Is Perez Hilton a pawn in Google’s war?

After having his account suspended for what YouTube said was a history of repeated copyright violations, uber celebrity-blogger Perez Hilton has announced that he is pulling all of his videos from the site and will henceforth only be posting them to perezhilton.com. YouTube says that it is merely complying with the rules under the Digital Millennium Copyright Act by blocking a known copyright infringer — but is its behaviour towards Perez part of its ongoing war with Viacom?

As CNET points out, many of the copyright complaints about Hilton have come from entertainment giant Viacom, and part of why the Google-owned site might be a little hyper-sensitive about copyright infringement is the ongoing $1-billion lawsuit launched by Viacom against YouTube for just that kind of thing. It’s more than a little ironic, then, that Viacom is also the parent company of VH1, the entertainment channel that owns the rights to Perez Hilton’s TV show, and would presumably be interested in the publicity that his videos might draw on YouTube.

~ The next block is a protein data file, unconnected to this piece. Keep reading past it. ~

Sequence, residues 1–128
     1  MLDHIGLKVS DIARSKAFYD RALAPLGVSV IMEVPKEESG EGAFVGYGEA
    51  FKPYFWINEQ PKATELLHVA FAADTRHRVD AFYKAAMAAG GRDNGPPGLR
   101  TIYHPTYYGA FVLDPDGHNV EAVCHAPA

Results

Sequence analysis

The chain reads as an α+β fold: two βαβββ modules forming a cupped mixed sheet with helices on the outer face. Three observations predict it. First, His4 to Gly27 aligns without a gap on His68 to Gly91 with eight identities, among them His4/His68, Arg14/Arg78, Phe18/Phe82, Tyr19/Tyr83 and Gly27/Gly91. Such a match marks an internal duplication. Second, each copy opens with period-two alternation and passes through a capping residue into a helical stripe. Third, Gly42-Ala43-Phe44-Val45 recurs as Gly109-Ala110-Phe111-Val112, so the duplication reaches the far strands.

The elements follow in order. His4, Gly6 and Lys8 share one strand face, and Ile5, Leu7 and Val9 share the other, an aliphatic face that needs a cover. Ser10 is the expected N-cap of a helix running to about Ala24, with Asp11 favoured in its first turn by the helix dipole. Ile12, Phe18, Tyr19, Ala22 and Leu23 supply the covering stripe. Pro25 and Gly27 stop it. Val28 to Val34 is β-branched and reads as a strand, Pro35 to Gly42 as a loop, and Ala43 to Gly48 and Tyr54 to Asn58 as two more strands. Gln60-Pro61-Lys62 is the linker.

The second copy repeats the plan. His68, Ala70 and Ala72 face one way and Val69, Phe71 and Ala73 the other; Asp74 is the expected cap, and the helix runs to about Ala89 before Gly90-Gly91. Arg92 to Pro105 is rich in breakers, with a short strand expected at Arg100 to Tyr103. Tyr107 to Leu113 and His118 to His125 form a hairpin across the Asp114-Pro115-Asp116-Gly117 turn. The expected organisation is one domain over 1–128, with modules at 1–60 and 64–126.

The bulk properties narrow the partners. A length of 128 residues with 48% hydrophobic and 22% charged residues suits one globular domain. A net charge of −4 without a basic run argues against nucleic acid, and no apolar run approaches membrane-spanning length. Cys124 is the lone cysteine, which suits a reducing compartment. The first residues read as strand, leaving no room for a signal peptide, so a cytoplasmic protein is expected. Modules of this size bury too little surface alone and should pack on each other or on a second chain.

After phone calls back and forth from lawyers, YouTube reinstated Hilton’s account, but by then he had already decided to pull his videos and stick to his own site from now on. But the big question is this: was Google beating up on Perez as a way of sending a message to Viacom about the cost of winning its war? Or maybe it was just trying to do the right thing 🙂

Hey Canadians: No Daily Show for you

If you like satire and you don’t mind staying up late, you’re probably a fan of The Daily Show, that great showcase for the satirical jabs of Jon Stewart. If that’s the case, you might have been overjoyed to hear that Comedy Central (which is part of MTV, which in turn is part of Viacom) recently launched a website with 13,000 or so clips from the show, including some of the most-loved episodes.

Finally, you may have thought to yourself — after months of fighting with YouTube over clips from the show (which routinely appear and then are quickly removed), Viacom has decided that giving viewers what they want over the Internet is the right way to go. Bravo.

The only problem with that rosy little scenario is that Viacom’s largesse — like every other U.S. TV network that has decided to stream popular shows from their website — is completely unavailable to Canadian viewers (and to viewers in other countries as well). You can go to the website and click on a video, but you don’t get anything. To add insult to injury, the pre-roll advertising spot that Viacom has sold for the clip plays just fine, but is followed by a black screen — a screen that might as well say “Hey non-U.S. viewers — look at all the stuff you can’t watch.”